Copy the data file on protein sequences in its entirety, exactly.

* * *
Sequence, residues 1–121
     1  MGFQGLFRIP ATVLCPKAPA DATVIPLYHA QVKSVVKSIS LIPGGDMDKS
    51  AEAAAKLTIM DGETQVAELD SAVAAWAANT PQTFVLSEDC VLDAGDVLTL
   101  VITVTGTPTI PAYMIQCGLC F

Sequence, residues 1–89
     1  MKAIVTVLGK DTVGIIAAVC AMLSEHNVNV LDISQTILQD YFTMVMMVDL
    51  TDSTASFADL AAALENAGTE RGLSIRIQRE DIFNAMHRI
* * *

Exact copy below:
Sequence, residues 1–121
     1  MGFQGLFRIP ATVLCPKAPA DATVIPLYHA QVKSVVKSIS LIPGGDMDKS
    51  AEAAAKLTIM DGETQVAELD SAVAAWAANT PQTFVLSEDC VLDAGDVLTL
   101  VITVTGTPTI PAYMIQCGLC F

Sequence, residues 1–89
     1  MKAIVTVLGK DTVGIIAAVC AMLSEHNVNV LDISQTILQD YFTMVMMVDL
    51  TDSTASFADL AAALENAGTE RGLSIRIQRE DIFNAMHRI